Forum for Science, Industry and Business

Sponsored by:     3M 
Search our Site:

 

Wine yeasts reveal prehistoric microbial world

11.05.2011
When having a glass of wine or beer, have you ever wondered why and how yeast “learnt” to produce these superb food products?

Yeasts are unicellular fungi and so far over 1 500 different species have been described. Among them are important industrial organisms, pathogens and model organisms which help us to understand how eukaryotic cells work.

However, one of the most well-known characteristics of yeast is the ability of Saccharomyces cerevisiae, baker’s yeast, to ferment sugar to 2-carbon components, in particular ethanol, without completely oxidising it to carbon dioxide, even in the presence of oxygen, as many other microbes do. This fermentative ability is essential for the production of wine, beer and many other alcoholic beverages.

Why do Saccharomyces yeasts actually do this and what were the driving forces behind the evolution of this phenomenon?

For several years, the yeast molecular genetics group at Lund University in Sweden and their counterparts in Milan have been trying to reconstruct the evolutionary history of ethanol production. In their recent article published in Nature Communications (http://dx.doi.org/10.1038/ncomms1305) they compared two wine yeasts, S. cerevisiae and Dekkera bruxellensis, which in nature often occupy a similar niche, using a variety of approaches including comparative genomics which enabled them to add the time dimension to their molecular reconstructions.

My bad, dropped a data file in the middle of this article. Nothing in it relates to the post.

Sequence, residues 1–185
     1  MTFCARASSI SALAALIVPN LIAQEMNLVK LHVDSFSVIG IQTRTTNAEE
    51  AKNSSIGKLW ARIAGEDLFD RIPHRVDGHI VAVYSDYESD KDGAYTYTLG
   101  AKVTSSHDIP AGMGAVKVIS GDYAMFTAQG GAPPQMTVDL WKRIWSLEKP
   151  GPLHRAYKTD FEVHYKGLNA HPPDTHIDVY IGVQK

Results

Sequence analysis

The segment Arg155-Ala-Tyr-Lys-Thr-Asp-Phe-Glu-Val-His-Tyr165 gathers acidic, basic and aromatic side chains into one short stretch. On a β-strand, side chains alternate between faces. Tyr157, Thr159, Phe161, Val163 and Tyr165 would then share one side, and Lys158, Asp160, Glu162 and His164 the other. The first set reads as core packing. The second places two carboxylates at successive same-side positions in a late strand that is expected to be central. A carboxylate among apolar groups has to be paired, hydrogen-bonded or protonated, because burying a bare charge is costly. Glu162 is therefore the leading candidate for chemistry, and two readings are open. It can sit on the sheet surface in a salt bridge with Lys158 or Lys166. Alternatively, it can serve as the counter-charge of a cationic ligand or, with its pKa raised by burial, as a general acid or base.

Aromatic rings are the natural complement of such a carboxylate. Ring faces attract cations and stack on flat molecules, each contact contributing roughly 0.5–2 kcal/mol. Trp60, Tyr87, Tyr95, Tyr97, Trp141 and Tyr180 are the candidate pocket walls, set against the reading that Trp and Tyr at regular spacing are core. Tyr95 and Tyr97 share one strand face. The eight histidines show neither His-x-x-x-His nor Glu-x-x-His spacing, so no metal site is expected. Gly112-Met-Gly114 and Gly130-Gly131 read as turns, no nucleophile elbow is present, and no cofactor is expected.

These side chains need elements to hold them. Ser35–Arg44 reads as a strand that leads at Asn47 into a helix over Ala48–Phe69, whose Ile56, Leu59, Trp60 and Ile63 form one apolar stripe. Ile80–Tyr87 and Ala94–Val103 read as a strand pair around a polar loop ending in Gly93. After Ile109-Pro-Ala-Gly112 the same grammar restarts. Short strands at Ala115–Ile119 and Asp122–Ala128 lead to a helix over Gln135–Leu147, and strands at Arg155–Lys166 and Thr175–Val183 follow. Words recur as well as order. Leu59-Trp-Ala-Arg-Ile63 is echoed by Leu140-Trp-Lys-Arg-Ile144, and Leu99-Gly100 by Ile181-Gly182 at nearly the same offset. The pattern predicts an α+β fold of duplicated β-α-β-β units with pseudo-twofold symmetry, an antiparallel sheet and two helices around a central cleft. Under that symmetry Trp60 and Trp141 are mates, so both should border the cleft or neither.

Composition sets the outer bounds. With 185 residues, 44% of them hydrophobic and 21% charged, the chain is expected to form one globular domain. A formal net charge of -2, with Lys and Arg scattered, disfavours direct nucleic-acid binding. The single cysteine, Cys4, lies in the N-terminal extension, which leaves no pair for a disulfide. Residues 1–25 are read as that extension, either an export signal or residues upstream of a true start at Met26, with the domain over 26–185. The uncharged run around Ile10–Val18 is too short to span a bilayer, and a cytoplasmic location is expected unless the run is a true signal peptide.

The two yeasts studied are not very closely related and the two lineages separated more than 200 million years ago. However, approximately 100–150 million years ago, both yeasts experienced very similar environmental conditions, with the sudden appearance of modern fruits containing high amounts of available sugars, and environmental pressures, such as fierce competition from other microbes. Both lineages, independently and in parallel, developed the ability to make and accumulate ethanol in the presence of oxygen, and resistance to high ethanol concentration, and have been using this ability as a weapon to outcompete other microbes which are very sensitive to ethanol. Surprisingly, both yeasts used the same molecular tool, global promoter rewiring, to change the regulation pattern of the expression of hundreds of genes involved in sugar degradation.